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Strengthening the NDIS

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Three things to strengthen the NDIS: personalised supports, grassroots LACs, and a simple participant pathway

When the National Disability Insurance Scheme (NDIS) started, it was rightfully hailed as a step forward in how Australia supports people living with disability to live active and valued lives in our communities. Although the NDIS has delivered benefits for many people, over time the positive sentiment has begun to erode, and the scheme has become mired in controversy and political contention. There is a lot of discussion about ‘getting the NDIS back on track’, ‘fixing the NDIS’, or ‘returning the NDIS to its origins’ – all vague notions that mean different things to different people.

JFA Purple Orange believes three specific things can help to ensure that the NDIS achieves its promise to genuinely improve the life chances of people living with disability. In the lead up to the federal election, JFA Purple Orange is calling on all political parties and candidates to commit to:

  • Reframing the discussion about sustainability to focus on the broader positive value to individuals and communities of investing in authentic personalised supports that genuinely enable people to live valued ordinary lives, achieve their goals, and participate in the social, cultural, and economic activities of our communities
  • Replacing the current model of largescale commissioning of Partners in the Community (PITC) with a new approach that harnesses the genuine local knowledge and community connections of grassroots organisations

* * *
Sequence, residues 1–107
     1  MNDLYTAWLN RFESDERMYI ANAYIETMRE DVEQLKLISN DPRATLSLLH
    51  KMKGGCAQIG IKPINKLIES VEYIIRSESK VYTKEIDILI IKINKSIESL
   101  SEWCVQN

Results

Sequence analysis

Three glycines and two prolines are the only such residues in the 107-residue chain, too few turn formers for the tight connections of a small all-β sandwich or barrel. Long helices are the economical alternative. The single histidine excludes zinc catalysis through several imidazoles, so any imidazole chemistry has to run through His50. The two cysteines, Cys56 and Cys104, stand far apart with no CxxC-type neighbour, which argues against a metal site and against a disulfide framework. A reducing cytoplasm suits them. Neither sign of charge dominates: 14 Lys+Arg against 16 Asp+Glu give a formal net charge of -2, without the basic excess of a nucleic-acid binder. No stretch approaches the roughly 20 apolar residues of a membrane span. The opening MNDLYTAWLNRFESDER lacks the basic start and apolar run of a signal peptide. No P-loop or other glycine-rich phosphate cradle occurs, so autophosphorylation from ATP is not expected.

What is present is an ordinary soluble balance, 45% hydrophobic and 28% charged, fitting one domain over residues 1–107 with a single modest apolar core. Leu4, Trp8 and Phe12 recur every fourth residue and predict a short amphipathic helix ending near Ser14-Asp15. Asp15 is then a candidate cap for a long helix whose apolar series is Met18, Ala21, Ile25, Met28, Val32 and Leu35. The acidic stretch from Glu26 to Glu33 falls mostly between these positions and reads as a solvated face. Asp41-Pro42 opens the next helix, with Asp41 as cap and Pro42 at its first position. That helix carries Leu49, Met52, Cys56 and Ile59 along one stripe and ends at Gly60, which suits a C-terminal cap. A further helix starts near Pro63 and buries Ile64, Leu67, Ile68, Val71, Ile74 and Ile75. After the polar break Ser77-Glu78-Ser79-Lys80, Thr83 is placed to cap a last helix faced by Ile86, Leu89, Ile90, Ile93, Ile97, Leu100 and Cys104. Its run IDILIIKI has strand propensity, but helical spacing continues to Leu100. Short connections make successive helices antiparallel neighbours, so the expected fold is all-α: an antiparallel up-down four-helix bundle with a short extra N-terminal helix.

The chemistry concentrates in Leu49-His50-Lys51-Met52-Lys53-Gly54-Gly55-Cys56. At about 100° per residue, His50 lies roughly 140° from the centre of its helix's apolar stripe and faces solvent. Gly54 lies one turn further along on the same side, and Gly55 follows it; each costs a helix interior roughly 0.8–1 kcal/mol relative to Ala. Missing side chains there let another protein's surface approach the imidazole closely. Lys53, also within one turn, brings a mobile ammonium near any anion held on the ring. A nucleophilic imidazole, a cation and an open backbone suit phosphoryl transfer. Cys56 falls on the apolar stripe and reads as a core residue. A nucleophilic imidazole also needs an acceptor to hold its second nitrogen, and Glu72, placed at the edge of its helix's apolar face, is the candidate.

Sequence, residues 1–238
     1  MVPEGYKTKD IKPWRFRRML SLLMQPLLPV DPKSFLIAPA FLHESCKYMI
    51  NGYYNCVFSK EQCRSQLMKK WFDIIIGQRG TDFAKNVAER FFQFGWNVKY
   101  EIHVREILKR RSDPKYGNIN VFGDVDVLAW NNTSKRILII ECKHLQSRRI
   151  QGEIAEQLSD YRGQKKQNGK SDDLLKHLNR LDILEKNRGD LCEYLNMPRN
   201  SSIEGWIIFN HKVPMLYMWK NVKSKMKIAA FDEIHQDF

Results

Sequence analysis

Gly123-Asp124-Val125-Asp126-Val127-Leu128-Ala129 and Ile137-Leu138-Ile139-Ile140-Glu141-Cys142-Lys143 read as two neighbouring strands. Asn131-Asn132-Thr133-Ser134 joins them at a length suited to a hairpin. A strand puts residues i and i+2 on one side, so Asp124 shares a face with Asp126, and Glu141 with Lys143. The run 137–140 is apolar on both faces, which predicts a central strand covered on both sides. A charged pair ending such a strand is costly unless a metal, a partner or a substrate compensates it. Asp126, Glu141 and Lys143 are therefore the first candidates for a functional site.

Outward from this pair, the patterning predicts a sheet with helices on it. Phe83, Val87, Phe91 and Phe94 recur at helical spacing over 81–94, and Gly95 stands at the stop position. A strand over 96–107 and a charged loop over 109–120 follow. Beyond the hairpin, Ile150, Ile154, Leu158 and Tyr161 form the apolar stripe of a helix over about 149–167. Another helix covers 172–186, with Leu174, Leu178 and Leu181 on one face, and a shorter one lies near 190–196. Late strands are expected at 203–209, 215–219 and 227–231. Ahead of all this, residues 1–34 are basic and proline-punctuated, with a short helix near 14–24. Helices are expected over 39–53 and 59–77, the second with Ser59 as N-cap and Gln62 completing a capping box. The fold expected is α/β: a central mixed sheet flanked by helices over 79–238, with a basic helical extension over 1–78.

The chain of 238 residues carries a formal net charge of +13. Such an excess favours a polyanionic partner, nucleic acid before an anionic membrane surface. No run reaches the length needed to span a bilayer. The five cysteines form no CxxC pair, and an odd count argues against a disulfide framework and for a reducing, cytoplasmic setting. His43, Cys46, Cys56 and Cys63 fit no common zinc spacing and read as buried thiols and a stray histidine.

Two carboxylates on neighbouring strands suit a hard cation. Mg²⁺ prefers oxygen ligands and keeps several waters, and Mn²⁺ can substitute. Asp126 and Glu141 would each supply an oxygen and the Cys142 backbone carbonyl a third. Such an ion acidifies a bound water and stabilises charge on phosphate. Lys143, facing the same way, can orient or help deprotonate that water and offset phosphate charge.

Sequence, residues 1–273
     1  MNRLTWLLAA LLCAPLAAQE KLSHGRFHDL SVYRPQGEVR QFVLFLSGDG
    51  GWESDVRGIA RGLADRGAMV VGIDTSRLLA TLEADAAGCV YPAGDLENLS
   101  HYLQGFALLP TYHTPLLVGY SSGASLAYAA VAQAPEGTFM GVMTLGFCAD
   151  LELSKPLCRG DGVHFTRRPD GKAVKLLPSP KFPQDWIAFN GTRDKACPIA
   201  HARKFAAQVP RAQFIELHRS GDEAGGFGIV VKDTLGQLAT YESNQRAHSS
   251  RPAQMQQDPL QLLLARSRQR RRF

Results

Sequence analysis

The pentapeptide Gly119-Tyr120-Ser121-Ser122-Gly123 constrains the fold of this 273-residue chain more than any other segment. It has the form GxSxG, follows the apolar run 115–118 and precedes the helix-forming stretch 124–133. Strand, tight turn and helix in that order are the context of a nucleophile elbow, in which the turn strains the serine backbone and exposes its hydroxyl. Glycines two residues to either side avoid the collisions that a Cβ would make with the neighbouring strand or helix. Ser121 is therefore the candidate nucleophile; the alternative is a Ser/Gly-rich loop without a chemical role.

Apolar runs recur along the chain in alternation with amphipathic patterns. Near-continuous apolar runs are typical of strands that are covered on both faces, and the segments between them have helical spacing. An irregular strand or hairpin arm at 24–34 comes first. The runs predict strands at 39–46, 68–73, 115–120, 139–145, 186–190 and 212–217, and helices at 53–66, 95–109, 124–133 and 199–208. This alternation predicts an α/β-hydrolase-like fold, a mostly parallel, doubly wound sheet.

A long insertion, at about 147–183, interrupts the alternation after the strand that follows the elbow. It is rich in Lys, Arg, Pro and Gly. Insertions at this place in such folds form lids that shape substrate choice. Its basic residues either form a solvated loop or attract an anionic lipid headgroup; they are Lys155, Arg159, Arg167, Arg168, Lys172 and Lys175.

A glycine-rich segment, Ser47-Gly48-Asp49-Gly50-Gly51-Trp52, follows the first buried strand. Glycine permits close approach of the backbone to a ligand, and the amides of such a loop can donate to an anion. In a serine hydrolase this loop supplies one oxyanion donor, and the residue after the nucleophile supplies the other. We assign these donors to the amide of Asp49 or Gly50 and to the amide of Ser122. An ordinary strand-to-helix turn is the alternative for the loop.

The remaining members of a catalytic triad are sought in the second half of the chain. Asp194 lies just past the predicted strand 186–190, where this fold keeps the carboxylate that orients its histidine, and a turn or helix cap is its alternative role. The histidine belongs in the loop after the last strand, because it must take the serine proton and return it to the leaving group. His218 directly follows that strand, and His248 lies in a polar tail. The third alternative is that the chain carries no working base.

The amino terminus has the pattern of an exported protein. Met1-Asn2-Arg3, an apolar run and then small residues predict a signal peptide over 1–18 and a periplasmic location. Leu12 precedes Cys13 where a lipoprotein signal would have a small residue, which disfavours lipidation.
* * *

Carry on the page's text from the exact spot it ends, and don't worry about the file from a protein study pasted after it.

• Eliminating unnecessary complexity from the participant pathway and enshrining a simple approach based on an ‘Indicate – Negotiate – Evaluate’ framework
  • Personalised supports


Recent discussions about the financial sustainability of the NDIS have become detached from the purpose and values of the scheme. Many neglect to acknowledge that the original assumptions underpinning the 2011 Productivity Commission report did not (and perhaps could not) fully account for the significant levels of unfunded and unmet need that existed across Australia at that time, or a cost model based on providing personalised supports rather than the block-funded, shared group services that had traditionally dominated the sector. Yet, individual choice and control are at the centre of the NDIS for very good reasons because this is the approach that presents the greatest prospect of achieving the best outcomes for participants. We are already seeing a shift back to a group consumption model particularly for people with higher support needs on what appears to be an unspoken basis of reducing costs in line with a misinformed sustainability narrative.

JFA Purple Orange believes that the cost model for the NDIS must be based on providing authentic personalised supports. In this context, we question the usefulness of the 2011 financial predictions as an ongoing benchmark against which to continue to compare NDIS costs or future financial sustainability. We urge all parties and candidates in this election to commit to reframing how costs and sustainability are considered to ensure that personalised supports and individual choice remain at the core of the NDIS. Doing so will allow for a more realistic and nuanced cost model to be developed that stays true to the values of the NDIS while guaranteeing the scheme’s future.